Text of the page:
Nowadays, distributed ledger technologies (DLT) are becoming a matter of interest for researchers due to the potential multi-sectorial applications beyond finance where it was originally used. As the technology has met the initial purposes of financial organizations beyond expectations, experts of different other sectors are getting serious in further exploring it.

Blockchain was originated as the fundamental protocol to sustain the digital currency by incorporating a data security layer and providing user transparency and confidence about electronic transactions. The peer-to-peer system stores and shares a digital ledger of data using cryptography to guarantee confidentiality.

Therefore the system not only minimizes the risk of compromise but also imposes radically greater costs for the attackers to do so. These properties made proponents of DLT think that the technology might defy organizational boundaries by securely storing data across suspicious or untrusted entities. Despite this potential, real-world use of blockchain and DLT is still very limited and therefore both public and private sectors are looking to exploit the opportunities.

New US law paves way for the potential use of DLT in defense

The technology has drawn the attention of the U.S. Department of Defense. A series of federal laws entitled “The National Defense Authorization Act” (NDAA) that describes the annual budget and expenditure of the department, now incorporates a provision requesting study into the possible use of DLT for defense purposes. Section 255 of the NDAA bill going by the headline “BRIEFING ON USE OF BLOCKCHAIN TECHNOLOGY FOR DEFENSE PURPOSES”, states that the Under Secretary of Defense for Research and Engineering will provide to the congressional defense committees a briefing on the potential use of distributed ledger technology for defense purposes within 180 days after the date of enactment of the Act.

The briefing would include several aspects regarding the possible use of DLT including an explanation of how the technology might be used by the Department of Defense to improve cybersecurity, beginning at the hardware level, of vulnerable assets such as energy, water, and transport grids, through distributed versus centralized computing.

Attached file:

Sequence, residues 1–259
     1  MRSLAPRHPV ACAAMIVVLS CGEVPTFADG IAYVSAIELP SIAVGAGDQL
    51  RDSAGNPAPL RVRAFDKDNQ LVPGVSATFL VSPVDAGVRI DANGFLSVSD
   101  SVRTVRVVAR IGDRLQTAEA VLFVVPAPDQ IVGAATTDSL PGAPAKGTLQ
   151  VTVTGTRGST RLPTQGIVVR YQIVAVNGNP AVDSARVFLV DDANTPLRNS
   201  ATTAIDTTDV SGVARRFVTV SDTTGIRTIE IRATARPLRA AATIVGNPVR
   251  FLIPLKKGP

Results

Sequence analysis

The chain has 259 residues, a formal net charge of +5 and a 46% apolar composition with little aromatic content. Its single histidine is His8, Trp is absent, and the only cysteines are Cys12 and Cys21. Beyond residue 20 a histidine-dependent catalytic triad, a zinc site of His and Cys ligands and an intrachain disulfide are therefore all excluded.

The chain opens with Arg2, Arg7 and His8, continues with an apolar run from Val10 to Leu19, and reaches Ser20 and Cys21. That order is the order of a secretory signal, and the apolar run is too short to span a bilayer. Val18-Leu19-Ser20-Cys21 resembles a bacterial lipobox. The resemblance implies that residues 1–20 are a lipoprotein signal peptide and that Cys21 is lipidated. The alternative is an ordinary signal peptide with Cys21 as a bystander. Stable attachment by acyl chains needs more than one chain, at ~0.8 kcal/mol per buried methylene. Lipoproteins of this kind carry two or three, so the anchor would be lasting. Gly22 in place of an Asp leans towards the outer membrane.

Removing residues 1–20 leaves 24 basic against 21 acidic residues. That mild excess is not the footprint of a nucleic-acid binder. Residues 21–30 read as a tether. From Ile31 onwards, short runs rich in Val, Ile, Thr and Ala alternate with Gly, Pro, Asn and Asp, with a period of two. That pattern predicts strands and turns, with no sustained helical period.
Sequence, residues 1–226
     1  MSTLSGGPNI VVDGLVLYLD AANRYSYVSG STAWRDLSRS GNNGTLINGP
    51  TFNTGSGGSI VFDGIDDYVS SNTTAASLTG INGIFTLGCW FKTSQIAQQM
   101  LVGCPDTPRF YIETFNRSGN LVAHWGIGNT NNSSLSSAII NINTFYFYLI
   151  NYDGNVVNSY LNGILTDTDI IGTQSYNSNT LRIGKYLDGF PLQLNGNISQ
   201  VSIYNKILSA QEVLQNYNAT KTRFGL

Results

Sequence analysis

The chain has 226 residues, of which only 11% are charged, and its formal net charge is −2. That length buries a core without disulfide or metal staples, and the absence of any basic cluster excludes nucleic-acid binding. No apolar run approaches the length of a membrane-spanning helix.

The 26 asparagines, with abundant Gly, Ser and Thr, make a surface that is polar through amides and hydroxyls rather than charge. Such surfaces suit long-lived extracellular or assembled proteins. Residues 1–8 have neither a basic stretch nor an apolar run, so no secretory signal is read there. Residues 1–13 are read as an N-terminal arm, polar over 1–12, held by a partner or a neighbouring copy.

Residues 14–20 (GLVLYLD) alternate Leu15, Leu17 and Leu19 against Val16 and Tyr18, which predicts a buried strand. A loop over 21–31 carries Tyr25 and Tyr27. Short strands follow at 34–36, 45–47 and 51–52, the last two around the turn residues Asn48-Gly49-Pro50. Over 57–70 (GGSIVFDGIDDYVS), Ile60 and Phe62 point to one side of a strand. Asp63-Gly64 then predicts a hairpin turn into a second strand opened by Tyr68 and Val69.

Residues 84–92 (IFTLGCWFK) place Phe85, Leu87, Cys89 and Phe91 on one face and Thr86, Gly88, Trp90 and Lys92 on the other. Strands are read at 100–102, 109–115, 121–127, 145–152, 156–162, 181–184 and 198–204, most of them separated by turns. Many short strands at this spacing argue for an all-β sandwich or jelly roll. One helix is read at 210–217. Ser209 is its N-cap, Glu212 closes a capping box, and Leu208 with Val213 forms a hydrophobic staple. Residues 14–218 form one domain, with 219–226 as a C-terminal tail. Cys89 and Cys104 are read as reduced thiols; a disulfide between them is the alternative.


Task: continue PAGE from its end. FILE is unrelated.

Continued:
The briefing will also hint to the use of DLT in the possible reduction of single points of failure in emergency and catastrophe decision-making by subjecting the decision to consensus validation through distributed ledger technologies, improvement of the efficiency of defense logistics and supply chain operations, improvement of the transparency of procurement auditing, and innovations to be adopted by the private sector for ancillary users.

A recent trend in the NDAA bill is the inclusion of many provisions that are minimally related to the Department of Defense. Lawmakers tend to inject other bills into this because unlike most bills, the NDAA is considered more important and is almost sure to be passed. However, the bill still experiences criticism and there are numerous opponents because it put forward the law allowing the military to detain any person deemed to be a security risk for the country, for indefinite periods without habeas corpus or legal procedures.

Other government entities are also exploring the DLT for defense purposes

Recent research aimed to understand how DLT might be of use to the Defence Support Network (DSN), the platform used to sustain UK Armed Forces with materiel and equipment. Drawing on academic and commercial models, a framework was created for assessing DLT use cases which measures utility, the convenience of execution, and outcome.

DLT and DSN experts were interviewed on possible use cases. Results indicate that use cases involving codification, certification, and supply chain provenance should be further investigated for potential implementation. The researchers concluded that the DSN can use DLT on a pilot project basis, however, these should be carefully selected as DLT is at the budding stage right now.